Selected Writings on Art – The Brooklyn Rail

Carl Einstein
ed. and trans. Charles W Haxthausen.
A Mythology of Forms: Selected Writings on Art
(Chicago: University of Chicago Press, , 2019.)

Tough, but monumental: This book takes extensive texts from the years 1912 to 1935 by an unconventionally great German art historian and critic of early modernism, Carl Einstein – only a few of his writings were accessible to Anglophone artists or scientists – and translates them into development history , accessible and understandable.

A mythology of forms collects 14 texts, not mere extracts, including entire essays and chapters in books, and parallel chapters in revised editions. All help fill out the sense of a formidable critical personality, as linked through penetrating and leisurely introductions. Broadly speaking, the work falls into three parts: (1) Einstein as proclaimer of the view that traditional African sculpture is fine art enough to be a subject of art history (1914-26); (2) his view of Cubism (1923, 1926, plus Cubism in relation to Picasso, 1931, and supposedly Braque, 1934); and (3) Surrealism (1929; 1931) and Klee (1931), along with –only here the categories begin to break—ostensibly more Braque, but finally, without Braque’s works, The Confused Environment of European Culture (1934-35).

Don’t be intimidated by the details; This Einstein had a big driving thought, a kind of activist formalism: that the forms of artworks could cognitively accustom the viewer to reconsider his or her relationship to the surrounding social and political reality. The three major concerns are cumulative, and you have to read the early stuff first for what appears to be repetitive to turn out to be developmental. Fortunately, Haxthausen offers excellent analytically coordinated connective tissue. Think of Einstein as a soloist, often singing the same songs in different arrangements, with Haxthausen’s editorial accompaniment.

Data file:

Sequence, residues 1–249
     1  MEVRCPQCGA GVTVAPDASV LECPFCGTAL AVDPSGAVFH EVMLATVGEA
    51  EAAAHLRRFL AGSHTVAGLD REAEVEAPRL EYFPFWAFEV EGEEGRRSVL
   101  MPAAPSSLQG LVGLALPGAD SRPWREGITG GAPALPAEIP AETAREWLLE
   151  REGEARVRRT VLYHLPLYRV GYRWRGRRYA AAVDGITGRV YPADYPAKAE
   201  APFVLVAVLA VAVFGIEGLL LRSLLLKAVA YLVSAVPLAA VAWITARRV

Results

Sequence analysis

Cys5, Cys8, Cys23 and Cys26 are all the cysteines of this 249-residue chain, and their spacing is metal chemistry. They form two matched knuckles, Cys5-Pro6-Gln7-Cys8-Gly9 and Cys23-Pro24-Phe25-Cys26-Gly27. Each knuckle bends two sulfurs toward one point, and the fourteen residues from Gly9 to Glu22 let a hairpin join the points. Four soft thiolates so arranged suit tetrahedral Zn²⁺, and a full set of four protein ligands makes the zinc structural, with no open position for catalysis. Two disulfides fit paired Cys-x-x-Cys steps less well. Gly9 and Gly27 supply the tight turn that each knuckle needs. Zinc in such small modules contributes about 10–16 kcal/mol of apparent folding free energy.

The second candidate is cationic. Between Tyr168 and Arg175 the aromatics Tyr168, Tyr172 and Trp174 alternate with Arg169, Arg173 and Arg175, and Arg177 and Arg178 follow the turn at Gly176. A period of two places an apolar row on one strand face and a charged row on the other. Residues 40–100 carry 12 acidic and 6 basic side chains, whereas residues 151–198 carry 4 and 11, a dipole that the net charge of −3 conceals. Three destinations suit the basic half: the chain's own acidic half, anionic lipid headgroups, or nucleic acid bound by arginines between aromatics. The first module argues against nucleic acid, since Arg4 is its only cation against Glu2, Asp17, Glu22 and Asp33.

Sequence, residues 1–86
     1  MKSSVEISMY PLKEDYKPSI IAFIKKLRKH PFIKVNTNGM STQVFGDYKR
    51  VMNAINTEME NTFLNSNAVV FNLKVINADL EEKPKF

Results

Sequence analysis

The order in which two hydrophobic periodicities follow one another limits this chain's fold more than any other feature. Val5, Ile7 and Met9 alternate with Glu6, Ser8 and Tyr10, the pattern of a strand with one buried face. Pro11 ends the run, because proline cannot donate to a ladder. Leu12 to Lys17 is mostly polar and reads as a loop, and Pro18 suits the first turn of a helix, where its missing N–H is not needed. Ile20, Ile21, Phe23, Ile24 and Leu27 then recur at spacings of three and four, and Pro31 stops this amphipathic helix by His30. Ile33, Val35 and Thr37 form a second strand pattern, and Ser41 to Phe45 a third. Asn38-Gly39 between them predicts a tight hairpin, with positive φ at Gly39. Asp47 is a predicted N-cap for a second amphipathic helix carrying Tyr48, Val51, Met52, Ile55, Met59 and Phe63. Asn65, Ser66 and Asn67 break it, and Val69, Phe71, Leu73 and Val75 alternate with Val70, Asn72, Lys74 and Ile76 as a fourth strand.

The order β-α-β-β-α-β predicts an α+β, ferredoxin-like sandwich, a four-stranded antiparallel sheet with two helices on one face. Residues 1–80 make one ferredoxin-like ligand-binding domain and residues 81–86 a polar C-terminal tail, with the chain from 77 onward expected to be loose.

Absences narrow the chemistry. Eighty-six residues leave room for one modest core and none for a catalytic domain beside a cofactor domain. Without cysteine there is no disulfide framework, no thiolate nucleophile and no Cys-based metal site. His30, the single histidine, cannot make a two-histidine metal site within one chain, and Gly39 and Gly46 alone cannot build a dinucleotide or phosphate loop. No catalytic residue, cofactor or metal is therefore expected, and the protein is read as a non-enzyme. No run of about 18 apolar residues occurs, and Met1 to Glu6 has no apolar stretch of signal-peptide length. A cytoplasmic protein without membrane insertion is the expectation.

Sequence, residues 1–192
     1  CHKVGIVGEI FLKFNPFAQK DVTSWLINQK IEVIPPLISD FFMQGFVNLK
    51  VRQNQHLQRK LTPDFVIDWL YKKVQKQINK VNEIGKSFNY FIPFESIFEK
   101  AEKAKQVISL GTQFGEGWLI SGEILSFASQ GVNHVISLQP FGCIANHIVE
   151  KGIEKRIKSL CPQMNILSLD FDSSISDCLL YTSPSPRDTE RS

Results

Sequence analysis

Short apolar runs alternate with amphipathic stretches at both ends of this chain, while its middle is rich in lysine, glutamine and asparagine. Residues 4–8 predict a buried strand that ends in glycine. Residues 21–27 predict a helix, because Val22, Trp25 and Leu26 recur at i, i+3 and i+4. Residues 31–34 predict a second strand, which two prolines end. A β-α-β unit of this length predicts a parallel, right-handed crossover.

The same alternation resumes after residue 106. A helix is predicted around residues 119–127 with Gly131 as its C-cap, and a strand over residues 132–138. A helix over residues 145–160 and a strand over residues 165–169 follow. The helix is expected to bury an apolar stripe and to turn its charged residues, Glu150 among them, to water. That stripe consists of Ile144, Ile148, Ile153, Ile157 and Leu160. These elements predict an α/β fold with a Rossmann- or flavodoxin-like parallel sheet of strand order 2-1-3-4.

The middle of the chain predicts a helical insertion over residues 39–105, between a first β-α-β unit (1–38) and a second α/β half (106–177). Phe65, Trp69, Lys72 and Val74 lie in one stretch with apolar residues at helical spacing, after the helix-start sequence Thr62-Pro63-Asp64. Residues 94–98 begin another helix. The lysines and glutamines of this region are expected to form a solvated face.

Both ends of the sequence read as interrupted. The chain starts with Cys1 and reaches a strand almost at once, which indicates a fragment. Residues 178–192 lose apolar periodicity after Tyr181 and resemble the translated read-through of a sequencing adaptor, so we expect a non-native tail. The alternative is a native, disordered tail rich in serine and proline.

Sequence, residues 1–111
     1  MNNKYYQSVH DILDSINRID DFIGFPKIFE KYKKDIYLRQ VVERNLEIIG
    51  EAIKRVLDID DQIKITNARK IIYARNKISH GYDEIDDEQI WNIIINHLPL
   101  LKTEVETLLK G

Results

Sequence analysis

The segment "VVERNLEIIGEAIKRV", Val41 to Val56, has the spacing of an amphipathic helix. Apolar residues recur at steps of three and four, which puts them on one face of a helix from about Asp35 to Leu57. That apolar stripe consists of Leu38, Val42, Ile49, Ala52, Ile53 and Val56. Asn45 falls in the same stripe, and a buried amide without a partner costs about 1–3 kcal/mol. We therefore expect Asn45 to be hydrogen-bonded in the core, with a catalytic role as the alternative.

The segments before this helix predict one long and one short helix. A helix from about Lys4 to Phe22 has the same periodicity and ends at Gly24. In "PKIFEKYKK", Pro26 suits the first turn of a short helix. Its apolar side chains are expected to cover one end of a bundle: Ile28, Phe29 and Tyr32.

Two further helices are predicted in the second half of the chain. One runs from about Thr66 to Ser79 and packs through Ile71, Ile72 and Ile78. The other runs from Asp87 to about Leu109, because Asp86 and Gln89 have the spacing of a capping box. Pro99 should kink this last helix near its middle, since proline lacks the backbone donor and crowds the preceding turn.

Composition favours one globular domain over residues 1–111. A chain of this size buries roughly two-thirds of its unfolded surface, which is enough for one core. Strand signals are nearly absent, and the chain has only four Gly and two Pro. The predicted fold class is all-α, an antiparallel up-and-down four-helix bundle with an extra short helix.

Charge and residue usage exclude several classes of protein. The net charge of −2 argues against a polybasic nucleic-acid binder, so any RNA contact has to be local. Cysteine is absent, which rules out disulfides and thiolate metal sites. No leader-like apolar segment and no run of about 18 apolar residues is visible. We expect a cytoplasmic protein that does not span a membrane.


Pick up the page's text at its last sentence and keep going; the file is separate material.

In the first part, Einstein sets out to historicize pre-literate African art, relying on the only available evidence, anthropology. (It’s not enough to clear your head of an exotic “other”.) This is where Einstein’s distrust of “ancient” legends comes into play. Desperately looking for something better, he draws on the tribes’ memories of their own migrations: that at least enables art-historical diffusionism. He also brings into play the grand tribalist idea of ​​”totality” (which I suspect is influenced by Russian Suprematism, as a volumetric unit of associated levels). Here it is clearer than elsewhere that a certain trend-setting repetition can mean getting closer to the truth.